Well, it happened. After all of the talk and worry and planning, Sherrin came home from the hospital on December 15, about two weeks ago. One year, 7 months, and two days my sister spent in the hospital and now we are slowly trying to figure out her new life at home. We have transformed our basement to be Sherrin’s room that is equipped with her medicine, linens, wheelchair, Hoyer lift, and every piece of equipment needed for therapy. We put in a stair lift on the staircase that leads to the main level of our house from the basement. With this, we can roll Sherrin and her wheelchair onto a platform and raise her up with a remote so that she can come upstairs.
It’s an adjustment to have her home, a huge, huge adjustment, and it hasn’t been easy to say the very least. The way I describe Sherrin being at home is great for her, but a huge burden on
my dad, mom, and me. For Sher, she gets to be in an environment in which she knows and is familiar as well as getting to see her friends nearly every day. Her friends were probably one of the most important things to Sherrin before the accident, and being away from them for so long practically killed her. Being home makes Sherrin feel more normal and not just a patient in the hospital.
However, for my family and I, it is exhausting to have her home. We watch after her constantly. It literally does not end, but we’ve been able to have some help so far. My dad arranged an at-home care service for Sherrin that provides nurses, aids, and physical and occupational therapists for about five days a week. The service is pretty great so far and we’ve had little to no problems with them, but it’s a small company and the one of the only ones in the Northern Virginia area, so we didn’t have much of an option. This was a problem we have been worried about since the beginning of this experience – adequate brain injury specialists simply do not exist in this region. Neurology is a highly specialized medicine that is only concentrated in very few parts of the country, like New Jersey/New York, Atlanta, Denver, and Chicago, so being in the DC area is a huge obstacle to provide Sherrin the care that she needs to make a recovery. My parents debate about moving back to New Jersey permanently so that Sherrin can go back to the doctors and therapists that were helping her so much, and who knows, maybe we will one day, but for now we must make do with what is available in Northern Virginia.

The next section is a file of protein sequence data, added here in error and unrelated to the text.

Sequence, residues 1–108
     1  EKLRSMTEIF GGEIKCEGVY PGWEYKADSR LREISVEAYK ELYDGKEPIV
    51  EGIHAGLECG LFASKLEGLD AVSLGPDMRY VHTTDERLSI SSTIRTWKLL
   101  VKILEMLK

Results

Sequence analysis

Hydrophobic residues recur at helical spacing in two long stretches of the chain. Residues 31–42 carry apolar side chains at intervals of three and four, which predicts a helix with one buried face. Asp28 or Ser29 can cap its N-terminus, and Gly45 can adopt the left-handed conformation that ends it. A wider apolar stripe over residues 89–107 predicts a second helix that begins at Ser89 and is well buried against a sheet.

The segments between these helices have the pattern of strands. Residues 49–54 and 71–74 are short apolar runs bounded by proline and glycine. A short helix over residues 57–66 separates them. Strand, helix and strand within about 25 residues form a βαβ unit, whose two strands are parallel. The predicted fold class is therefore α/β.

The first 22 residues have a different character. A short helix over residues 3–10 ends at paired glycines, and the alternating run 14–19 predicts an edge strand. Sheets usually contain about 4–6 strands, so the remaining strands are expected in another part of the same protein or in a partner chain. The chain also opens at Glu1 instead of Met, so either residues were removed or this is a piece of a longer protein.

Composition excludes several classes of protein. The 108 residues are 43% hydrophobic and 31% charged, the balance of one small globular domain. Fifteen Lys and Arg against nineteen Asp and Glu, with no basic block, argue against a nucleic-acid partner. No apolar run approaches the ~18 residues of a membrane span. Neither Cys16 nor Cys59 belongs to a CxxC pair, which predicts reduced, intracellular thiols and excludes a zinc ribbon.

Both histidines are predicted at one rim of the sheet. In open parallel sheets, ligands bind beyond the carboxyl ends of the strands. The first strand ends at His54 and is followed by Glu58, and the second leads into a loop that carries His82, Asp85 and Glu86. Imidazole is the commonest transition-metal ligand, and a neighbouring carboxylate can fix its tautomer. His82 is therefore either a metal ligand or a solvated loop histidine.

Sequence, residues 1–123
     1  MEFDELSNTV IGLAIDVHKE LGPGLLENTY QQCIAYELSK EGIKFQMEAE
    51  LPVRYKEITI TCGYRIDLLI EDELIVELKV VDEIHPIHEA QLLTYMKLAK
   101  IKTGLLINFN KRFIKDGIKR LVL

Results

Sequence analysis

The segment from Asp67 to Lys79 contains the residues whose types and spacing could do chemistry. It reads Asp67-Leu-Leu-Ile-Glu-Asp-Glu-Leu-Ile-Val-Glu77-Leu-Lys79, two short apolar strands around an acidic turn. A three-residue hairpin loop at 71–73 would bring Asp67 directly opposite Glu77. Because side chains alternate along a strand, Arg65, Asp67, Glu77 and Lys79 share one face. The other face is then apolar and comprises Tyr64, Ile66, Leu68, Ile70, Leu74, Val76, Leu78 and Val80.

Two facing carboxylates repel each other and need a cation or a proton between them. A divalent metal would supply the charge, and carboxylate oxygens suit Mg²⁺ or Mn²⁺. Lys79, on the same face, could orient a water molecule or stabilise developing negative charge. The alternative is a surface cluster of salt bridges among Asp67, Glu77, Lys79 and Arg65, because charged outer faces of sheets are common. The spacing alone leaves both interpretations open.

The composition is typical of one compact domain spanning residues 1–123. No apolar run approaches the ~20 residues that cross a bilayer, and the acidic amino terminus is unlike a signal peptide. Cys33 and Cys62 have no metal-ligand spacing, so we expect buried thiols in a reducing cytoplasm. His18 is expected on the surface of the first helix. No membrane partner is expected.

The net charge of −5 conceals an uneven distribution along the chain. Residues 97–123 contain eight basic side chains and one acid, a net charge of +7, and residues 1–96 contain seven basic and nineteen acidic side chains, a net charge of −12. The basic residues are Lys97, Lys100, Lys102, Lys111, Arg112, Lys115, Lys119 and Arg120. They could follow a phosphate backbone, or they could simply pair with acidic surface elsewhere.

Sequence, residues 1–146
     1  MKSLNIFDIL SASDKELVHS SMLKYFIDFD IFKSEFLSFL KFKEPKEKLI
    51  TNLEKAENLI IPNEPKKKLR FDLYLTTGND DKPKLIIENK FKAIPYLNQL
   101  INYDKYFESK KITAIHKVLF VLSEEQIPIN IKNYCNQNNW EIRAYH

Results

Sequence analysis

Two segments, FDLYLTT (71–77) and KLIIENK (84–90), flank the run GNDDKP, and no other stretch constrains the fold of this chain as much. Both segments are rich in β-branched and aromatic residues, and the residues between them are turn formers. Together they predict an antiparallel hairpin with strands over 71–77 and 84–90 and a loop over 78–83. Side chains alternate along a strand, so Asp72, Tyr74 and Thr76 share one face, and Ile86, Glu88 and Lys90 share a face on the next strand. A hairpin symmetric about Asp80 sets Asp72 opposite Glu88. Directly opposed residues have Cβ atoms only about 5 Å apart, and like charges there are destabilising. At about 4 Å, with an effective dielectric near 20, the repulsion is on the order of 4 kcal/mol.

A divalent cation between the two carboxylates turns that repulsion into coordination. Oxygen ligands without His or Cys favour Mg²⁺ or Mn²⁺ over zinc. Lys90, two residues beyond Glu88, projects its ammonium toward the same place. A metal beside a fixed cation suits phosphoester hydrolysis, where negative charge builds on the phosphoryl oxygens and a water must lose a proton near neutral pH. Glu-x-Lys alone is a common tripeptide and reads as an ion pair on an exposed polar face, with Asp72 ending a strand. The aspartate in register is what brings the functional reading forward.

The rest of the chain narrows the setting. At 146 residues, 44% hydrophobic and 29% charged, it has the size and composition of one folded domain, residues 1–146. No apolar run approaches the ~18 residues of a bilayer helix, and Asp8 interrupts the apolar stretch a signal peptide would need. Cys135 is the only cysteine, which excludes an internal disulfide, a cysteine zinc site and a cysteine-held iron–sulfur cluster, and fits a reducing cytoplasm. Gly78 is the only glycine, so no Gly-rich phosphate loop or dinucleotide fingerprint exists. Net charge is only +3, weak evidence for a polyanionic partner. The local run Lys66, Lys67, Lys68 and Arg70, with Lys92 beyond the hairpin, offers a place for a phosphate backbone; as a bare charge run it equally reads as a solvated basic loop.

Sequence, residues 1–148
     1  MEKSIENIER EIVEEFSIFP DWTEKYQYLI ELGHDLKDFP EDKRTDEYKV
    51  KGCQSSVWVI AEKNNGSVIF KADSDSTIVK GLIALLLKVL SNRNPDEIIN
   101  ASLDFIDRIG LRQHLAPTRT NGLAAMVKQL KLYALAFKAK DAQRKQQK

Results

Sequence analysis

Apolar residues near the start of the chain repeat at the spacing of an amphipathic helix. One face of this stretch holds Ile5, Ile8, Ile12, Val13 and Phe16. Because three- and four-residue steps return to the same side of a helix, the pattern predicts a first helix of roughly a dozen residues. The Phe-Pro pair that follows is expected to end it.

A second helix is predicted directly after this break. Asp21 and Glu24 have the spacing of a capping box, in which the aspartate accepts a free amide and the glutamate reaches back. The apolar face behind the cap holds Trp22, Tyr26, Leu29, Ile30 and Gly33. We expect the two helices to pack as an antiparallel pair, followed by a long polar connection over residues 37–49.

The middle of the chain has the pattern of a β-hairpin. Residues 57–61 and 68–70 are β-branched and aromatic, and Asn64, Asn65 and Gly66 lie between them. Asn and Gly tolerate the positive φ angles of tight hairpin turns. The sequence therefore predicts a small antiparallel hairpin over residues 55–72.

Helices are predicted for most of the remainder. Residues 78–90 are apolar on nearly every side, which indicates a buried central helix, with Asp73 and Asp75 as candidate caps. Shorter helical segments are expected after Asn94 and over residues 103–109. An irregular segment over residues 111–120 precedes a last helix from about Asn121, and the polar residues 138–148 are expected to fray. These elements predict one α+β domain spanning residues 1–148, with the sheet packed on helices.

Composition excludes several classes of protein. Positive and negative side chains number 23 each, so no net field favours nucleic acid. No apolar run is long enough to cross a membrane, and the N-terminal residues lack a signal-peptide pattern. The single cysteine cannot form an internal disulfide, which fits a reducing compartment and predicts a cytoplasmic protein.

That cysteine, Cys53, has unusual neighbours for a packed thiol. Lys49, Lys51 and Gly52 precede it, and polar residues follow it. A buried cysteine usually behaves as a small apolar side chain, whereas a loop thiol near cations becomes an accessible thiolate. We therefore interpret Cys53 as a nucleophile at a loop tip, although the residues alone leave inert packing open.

One of the main problems we have with the care in this area is that we don’t have help at night. When Sherrin was in the hospital, my parents and I would stay from 8 AM- 8 PM and were able to go home and sleep for the night while the nurses and aids at the hospital watched Sherrin. Now, we don’t have that anymore. There isn’t a service that will provide a nurse or aid for a brain-injured person for overnight, so its either one of my parents that watches her or me. And when it’s your turn to watch Sherrin overnight, you don’t sleep. Sherrin is almost like a newborn baby that needs care at every hour of the night. During the first few nights she was home, one of us would sleep down in the basement on the couch next to her. Now, we put a video baby monitor on her so that we only have to go down to the basement if we hear her wake up, which is often. Sherrin has not been sleeping well at all (some nights not at all) since she’s been home. Some nights she wakes up every 30-45 minutes and yells “Ow!” or “Oh my god!” or “Please, help me!” These pleas are hard to interpret. Sometimes she calls out to one of us because she needs to have her diaper changed or wants a drink of water or her hands are aching. One time she accidentally pulled out her feeding tube from her G-tube in her stomach and all of her food spilled over her bed and the floor (she gets fed through her stomach at night). But other times her pleading is just for attention. Sherrin was always the type of person that could never be alone. She was an extrovert to the extreme. She would refuse to do simple errands like going to the gym or mall unless someone went with her. So, the nights that no one is sleeping down there with her, she yells until someone comes down and checks on her. She just doesn’t want to be alone; I guess it’s scary for her, which makes me sad, but its impossible to be with her 24/7 like that. My family and I need to sleep, but anything can happen with Sherrin overnight, which is why we have to do this exhausting task. Without a doubt overnight care is the thing I miss the most about Sher being in the hospital.